Building more homes will also help the UK economy by creating jobs and benefiting local economies across the country.” “A push toward affordable home ownership should not come at the expense of affordable homes for rent,” said Jeremy Blackburn, RICS Head of Policy.

If cities like London are to thrive, we must ensure that housing is available for all of its workforce – home ownership only goes so far, and even shared ownership may prove prohibitively expensive for some. “Government must fire up councils, public bodies, and housing associations to build across all residential sectors in order to deliver the functioning housing market that we need – and deserve – as a society,” we say.

“George Osborne is essentially subsidising one sector of the housing market over all others in an area that already receives substantial government funding.” Although the announcement appears to be encouraging for certain industries, the devil will be in the details.”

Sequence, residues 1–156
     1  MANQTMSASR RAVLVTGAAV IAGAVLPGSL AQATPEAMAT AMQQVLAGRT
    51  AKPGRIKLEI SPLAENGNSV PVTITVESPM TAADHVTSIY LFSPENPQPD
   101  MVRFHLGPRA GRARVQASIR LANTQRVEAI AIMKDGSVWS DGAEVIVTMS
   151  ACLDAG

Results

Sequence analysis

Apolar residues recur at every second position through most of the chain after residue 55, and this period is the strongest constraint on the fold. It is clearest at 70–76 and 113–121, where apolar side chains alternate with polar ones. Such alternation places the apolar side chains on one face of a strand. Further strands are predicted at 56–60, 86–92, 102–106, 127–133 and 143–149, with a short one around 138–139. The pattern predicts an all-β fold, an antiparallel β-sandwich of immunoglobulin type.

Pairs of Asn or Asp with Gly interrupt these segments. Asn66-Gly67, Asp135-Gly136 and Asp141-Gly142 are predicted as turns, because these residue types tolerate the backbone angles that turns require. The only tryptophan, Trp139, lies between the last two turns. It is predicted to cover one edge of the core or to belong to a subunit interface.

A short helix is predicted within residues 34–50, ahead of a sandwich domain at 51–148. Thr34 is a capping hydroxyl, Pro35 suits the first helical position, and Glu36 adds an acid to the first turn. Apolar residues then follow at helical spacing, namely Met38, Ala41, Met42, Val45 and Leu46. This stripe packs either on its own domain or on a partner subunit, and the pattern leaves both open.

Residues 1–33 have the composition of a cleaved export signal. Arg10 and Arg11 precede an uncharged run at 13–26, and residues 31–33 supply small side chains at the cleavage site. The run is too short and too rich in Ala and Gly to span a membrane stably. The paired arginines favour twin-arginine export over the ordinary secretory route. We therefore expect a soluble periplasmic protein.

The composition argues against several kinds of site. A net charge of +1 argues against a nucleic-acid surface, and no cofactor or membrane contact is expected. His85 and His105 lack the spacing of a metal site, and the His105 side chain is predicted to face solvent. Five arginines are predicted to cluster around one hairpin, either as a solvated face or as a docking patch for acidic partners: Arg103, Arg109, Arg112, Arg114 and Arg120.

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The Brick Development Association (BDA) also welcomed the announcement that the government will invest £7 billion in 400,000 new homes. “We are pleased by the provision of £7 billion for new homes,” said Simon Hay, CEO of the Brick Development Association. The emphasis must now be on translating housing promises into on-the-ground project delivery.

“We are excited to contribute to addressing the chronic housing shortage that has developed in recent decades.” The re-openings and development of new brick plants are already extremely encouraging signs of the sector’s revitalization. “We should take heart from the fact that new-build housing has risen to such an extent, and that it is expected to rise further over the next year as more attention is focused on the current housing situation.” This comes on the heels of the announcement last week by the Department for Communities and Local Government that the number of new homes built has increased by a quarter over the previous year.